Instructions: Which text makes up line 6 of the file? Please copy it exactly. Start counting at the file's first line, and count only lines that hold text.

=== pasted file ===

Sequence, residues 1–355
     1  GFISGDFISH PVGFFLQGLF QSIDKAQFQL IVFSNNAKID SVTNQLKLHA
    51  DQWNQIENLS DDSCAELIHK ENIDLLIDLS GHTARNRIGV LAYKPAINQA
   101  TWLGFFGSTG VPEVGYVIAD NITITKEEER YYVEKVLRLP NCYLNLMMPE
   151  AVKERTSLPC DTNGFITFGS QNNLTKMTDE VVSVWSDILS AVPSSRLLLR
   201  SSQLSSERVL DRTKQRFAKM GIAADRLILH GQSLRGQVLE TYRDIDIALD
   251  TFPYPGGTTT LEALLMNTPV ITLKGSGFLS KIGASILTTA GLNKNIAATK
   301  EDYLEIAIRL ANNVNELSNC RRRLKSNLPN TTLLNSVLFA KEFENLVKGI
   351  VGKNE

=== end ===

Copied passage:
   201  SSQLSSERVL DRTKQRFAKM GIAADRLILH GQSLRGQVLE TYRDIDIALD